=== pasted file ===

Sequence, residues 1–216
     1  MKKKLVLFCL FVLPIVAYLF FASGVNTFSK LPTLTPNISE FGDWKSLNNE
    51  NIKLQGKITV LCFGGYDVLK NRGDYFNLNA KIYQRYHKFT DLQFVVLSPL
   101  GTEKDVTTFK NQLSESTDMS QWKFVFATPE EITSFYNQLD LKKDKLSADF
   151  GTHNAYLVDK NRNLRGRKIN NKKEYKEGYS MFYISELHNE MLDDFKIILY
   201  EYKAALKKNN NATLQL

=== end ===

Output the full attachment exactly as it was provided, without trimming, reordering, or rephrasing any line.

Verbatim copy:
Sequence, residues 1–216
     1  MKKKLVLFCL FVLPIVAYLF FASGVNTFSK LPTLTPNISE FGDWKSLNNE
    51  NIKLQGKITV LCFGGYDVLK NRGDYFNLNA KIYQRYHKFT DLQFVVLSPL
   101  GTEKDVTTFK NQLSESTDMS QWKFVFATPE EITSFYNQLD LKKDKLSADF
   151  GTHNAYLVDK NRNLRGRKIN NKKEYKEGYS MFYISELHNE MLDDFKIILY
   201  EYKAALKKNN NATLQL